It’s one thing to recycle a concept from a popular mainstream flick in your own knock-off version.  Schlock merchants have been doing that since the birth of cinema.  However, recycling a film that already recycled another film really takes things to the limit.   If you aren’t giving as much as you are taking, the results can be some very thin retread-gruel.  Dead Space is an example of this sort of recycled recycling – and the results show off the limitations that occur when the copycat begins to devour its own tail.

Though it is not credited as such, Dead Space is basically a remake of Forbidden World, the Roger Corman-produced cult fave that ripped off Alien with guttersnipe verve and dished up a heaping helping of cheesecake to sweeten the pot.  Dead Space follows its plotline closely, sending intergalactic troubleshooter Krieger (Marc Singer) to a distant planet where scientists are trying risky, experimental means to devise a cure for the dreaded “Delta 5” virus.  They accidentally create a fast-growing reptilian beastie that begins chewing its way through the cast.  Lot of cat-and-mouse suspense follows, plus plenty of slime, latex and the inevitable mano-a-alien-o showdown.

Like Forbidden World, Dead Space is an abbreviated affair that runs just under 80 minutes and opens with recycled spaceship-dogfight scenes from Battle Beyond The Stars.  Despite having roughly the same plots, the finished results couldn’t be more different.  Forbidden World delivered its schlock with a cheeky smirk, added a healthy dose of sexy sleaze and reveled in its cheap gore effects.  Dead Space leans toward the antiseptic in its approach to schlock: the competent but dull script lacks trashy verve, glumly slogging through its paces with a limited amount of effects and bare skin.

Fred Gallo’s direction brings competence to the table but little else.  He and cinematographer Mark Parry give the film a look that you could describe as “Tony Scott on a budget” – lots of smoke and shafts of diffused lighting – and he gets competent performances from his actors.  Singer is a solid if bland lead and the backing cast also features a pre-Breaking Bad Bryan Cranston as a driven scientist.  However, Gallo doesn’t bring any passion or excitement to his work here.  Like the script, he just rolls through the paces in a no-frills style.  It doesn’t help that his bright, smoky visual style calls attention to how threadbare the effects are (the final stage of the alien is notable for its poorly-done puppetry).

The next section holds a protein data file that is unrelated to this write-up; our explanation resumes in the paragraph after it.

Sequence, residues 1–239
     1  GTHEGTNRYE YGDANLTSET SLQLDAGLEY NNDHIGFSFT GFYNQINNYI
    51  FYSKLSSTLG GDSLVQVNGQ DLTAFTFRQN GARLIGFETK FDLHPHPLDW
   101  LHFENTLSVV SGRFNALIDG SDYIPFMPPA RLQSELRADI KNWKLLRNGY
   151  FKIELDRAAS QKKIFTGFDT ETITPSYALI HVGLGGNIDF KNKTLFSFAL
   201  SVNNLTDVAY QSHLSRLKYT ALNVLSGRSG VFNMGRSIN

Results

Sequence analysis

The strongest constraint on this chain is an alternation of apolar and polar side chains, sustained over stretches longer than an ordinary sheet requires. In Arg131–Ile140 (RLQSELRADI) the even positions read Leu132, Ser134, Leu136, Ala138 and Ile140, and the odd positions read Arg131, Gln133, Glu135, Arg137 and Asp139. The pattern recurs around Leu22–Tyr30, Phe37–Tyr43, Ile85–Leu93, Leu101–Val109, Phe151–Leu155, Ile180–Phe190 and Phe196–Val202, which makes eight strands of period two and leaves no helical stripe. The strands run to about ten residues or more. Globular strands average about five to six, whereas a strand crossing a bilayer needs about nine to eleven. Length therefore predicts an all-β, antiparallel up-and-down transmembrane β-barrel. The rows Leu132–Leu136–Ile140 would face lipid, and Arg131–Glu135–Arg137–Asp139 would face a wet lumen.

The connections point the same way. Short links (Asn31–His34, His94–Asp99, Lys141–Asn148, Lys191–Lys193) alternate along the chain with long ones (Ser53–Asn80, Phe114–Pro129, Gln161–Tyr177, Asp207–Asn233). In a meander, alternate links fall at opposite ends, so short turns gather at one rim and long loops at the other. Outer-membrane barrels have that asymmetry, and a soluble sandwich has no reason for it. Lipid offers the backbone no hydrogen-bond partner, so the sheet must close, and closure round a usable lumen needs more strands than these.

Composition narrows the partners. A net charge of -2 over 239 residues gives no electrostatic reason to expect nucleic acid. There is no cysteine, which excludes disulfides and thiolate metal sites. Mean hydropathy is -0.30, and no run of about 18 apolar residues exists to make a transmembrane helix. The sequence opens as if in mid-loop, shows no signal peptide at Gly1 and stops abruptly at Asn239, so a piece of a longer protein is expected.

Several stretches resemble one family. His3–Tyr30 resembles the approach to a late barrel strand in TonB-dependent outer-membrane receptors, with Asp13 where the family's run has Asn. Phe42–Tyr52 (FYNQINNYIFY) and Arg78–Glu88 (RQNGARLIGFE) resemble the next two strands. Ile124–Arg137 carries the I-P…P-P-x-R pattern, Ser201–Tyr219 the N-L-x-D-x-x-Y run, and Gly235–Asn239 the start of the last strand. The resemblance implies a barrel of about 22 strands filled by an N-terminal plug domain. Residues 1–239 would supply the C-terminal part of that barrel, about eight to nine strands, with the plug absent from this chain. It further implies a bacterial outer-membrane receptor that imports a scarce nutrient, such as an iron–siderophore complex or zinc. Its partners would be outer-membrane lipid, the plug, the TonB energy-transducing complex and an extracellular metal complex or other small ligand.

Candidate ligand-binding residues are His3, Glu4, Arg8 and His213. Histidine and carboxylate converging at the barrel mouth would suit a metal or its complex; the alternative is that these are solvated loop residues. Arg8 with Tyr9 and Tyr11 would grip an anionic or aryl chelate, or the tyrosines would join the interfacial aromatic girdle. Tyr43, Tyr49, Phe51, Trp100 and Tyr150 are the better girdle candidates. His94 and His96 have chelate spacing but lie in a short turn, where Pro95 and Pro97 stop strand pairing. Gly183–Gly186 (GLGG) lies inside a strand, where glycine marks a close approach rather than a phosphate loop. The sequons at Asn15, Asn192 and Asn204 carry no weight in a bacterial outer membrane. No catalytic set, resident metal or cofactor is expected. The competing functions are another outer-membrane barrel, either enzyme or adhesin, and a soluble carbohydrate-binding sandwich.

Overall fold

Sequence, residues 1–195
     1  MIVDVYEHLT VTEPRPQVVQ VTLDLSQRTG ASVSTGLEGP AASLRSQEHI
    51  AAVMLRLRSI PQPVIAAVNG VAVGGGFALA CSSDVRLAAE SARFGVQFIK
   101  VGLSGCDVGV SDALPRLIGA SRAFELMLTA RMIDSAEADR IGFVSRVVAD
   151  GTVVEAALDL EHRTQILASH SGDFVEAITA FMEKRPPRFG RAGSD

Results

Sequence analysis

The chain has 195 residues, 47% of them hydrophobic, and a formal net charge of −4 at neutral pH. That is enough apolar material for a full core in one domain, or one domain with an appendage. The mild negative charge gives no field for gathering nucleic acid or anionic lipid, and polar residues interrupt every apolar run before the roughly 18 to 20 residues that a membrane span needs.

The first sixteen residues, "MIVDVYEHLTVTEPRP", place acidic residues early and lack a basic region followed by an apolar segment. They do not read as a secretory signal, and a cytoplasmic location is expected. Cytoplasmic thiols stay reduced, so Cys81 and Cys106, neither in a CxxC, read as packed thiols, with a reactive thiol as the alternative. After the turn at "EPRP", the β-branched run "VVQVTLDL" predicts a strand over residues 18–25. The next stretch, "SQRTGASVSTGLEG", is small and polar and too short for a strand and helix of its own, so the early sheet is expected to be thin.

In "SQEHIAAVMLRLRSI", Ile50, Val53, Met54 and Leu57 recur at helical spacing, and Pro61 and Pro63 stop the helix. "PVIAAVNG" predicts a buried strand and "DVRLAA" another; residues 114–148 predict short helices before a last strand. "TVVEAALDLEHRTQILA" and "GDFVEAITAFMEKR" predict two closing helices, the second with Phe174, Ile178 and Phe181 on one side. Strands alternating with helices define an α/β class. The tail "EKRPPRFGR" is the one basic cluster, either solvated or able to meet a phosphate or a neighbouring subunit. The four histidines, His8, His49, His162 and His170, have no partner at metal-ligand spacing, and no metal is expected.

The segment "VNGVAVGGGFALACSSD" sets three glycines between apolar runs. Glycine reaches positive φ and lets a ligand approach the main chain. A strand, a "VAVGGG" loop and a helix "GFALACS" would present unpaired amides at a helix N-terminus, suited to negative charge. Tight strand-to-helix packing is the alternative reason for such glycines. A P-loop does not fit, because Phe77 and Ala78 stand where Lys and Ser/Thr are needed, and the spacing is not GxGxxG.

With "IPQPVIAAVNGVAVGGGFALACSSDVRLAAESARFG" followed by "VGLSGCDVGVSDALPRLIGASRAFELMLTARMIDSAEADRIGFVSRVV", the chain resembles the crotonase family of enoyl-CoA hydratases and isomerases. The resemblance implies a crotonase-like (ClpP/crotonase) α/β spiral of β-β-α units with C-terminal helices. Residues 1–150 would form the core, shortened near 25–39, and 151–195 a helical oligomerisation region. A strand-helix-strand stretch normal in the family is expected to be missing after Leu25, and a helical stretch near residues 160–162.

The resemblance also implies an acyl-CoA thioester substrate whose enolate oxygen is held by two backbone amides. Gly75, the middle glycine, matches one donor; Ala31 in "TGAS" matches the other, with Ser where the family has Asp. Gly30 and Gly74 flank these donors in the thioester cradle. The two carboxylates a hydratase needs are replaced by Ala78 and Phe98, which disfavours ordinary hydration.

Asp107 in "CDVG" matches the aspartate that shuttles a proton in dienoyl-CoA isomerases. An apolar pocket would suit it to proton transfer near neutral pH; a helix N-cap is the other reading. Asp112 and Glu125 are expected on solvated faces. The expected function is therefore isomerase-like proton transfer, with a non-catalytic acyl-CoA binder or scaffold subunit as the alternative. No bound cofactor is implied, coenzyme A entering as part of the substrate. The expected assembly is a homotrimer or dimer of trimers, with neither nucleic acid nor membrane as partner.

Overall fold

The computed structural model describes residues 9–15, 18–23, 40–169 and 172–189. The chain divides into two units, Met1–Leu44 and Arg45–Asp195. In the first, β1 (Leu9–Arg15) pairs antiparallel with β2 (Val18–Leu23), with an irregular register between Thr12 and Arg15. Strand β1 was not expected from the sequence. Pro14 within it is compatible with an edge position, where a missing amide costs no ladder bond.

In short, Dead Space hits all the required paces but it forgets one key element: fun.  There’s no spark of excitement to be found here – and when you’re dealing in retread concepts, you’ve got to give the audience something extra to keep your recycled mixture fresh and interesting.  As a result, the film comes off like a Xerox of a Xerox of a Xerox – you can see what it was supposed to be but it’s too lacking in crucial details to work as a convincing copy.

The Terror Within / Dead Space [Double Feature]

The Terror Within / Dead Space [Double Feature]

Two tales of alien monster mayhem for one low price!The Terror Within: It’s the post-apocalypse, and the world has been changed by a chemical warfare experiment gone awry leaving only a few remnants of the human race. Eight lab students work to create a vaccine before they are forced outside in search for food. It is then that they discover creatures mutated by the plague.Director: Thierry NotzStars: George Kennedy (Cool Hand Luke), Andrew Stevens (The Fury, The Seduction)Bonus Features:Theatrical TrailerDead Space: A space solder and a scientific community on another planet try to destroy an alien monster created by a series of out-of-control genetic experiments.Director: Fred GalloStars: Marc Singer (V: The Original Miniseries, The Beastmaster), Laura Mae TateBonus Features:Commentary With Director Fred GalloTheatrical Trailer